Cannot Understand Depression without Considering Poverty

Cape Times (South Africa), May 29, 2014 | Go to article overview

Cannot Understand Depression without Considering Poverty


BYLINE: Carla Dukas

Depression is the single most commonly occurring mood disorder and is believed to affect twice as many women as men.

The World Health Organisation has projected that by 2030, depression will be the number one cause of disability worldwide, ahead of HIV/Aids and cardiovascular and chronic pulmonary diseases.

Despite the magnitude of this global mental health problem, depression remains poorly understood. Part of the problem may lie in the way it is diagnosed and described in the medical literature.

The Diagnostic and Statistical Manual of Mental Disorders (DSM-5) is an international reference book that lists the symptoms and diagnostic criteria for various mental disorders, such as depression.

Used by mental healthcare professionals throughout the world, the DSM-5 provides the foundational understanding that informs the diagnosis of various mental disorders and, ultimately, their corresponding treatment.

In other words, understanding informs diagnosis, which informs treatment.

This raises the question: is the DSM-5 really the best route to understanding, diagnosing and treating depression?

Some mental healthcare professionals argue that the medical model adopted by the DSM-5 might work well for physical diseases (where one assumes the cause - the pathogen - resides within the individual) but not for mental illnesses.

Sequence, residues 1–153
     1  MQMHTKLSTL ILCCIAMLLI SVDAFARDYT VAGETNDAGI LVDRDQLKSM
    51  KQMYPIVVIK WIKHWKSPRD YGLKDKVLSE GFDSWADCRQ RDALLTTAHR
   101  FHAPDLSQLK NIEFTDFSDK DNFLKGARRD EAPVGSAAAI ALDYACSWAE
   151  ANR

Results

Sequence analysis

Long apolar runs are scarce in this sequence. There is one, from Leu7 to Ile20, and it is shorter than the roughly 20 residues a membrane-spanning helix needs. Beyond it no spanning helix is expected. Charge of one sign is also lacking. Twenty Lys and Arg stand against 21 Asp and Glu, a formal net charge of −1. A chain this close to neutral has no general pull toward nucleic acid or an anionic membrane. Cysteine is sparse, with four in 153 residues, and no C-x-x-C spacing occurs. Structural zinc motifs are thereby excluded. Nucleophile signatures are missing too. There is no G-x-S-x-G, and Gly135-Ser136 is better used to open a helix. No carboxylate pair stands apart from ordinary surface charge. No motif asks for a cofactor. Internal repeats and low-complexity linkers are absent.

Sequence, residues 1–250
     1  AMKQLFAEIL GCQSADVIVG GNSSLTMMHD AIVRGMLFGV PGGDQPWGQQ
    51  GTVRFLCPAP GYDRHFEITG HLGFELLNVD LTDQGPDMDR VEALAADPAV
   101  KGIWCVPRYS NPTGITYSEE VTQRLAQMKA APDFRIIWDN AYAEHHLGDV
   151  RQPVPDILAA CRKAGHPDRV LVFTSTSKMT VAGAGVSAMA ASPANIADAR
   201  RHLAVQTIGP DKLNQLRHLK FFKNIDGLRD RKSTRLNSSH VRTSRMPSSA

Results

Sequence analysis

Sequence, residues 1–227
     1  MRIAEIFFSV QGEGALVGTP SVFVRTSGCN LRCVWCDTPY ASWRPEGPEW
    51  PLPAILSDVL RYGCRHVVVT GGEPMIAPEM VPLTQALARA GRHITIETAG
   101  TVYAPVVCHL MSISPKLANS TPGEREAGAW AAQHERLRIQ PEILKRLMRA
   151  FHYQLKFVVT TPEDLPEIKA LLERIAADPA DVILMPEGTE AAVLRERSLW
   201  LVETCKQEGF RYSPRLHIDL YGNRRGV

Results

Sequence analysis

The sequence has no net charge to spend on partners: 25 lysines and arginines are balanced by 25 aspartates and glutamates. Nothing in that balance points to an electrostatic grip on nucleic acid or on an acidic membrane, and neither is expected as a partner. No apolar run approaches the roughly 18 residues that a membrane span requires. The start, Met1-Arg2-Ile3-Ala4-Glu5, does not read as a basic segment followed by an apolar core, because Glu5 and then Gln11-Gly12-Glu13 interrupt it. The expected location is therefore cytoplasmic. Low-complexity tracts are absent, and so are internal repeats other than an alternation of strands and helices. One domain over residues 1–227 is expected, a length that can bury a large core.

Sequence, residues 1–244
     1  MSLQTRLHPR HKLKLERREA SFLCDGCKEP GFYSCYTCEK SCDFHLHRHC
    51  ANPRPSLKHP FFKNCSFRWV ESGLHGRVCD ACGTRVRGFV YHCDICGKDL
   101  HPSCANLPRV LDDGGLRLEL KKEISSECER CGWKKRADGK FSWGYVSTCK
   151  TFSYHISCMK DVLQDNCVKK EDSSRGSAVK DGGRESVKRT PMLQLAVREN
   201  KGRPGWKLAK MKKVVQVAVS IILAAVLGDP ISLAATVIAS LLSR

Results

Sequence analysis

Critics contest that applying this view to depression (for example, to assume that a "hormonal", "personality" or "chemical" problem within the individual has caused their depression) is parochial and therefore inappropriate.

They argue that this approach obscures any consideration of the interpersonal, political or otherwise external factors that can cause emotional distress.

That is, some women will continue to suffer from depression because "expert" healthcare professionals and diagnostic manuals alike do not always adequately consider their experiences of distress, and specifically the possible impact of socio-economic and political contexts on their mental health.

A recently conducted study in the Western Cape involved in-depth, one-on-one interviews with a small group of low-income adult women who had been diagnosed with depression. Results showed that the women's subjective experiences, understanding and descriptions were far more complex than the stark and clinical picture of this condition currently on offer in mainstream medical literature.

Findings suggest that the mainstream medical literature, which forms a substantial part of the foundation of our understanding of all known mental disorders, captures only a small part of these women's experience of depression. …

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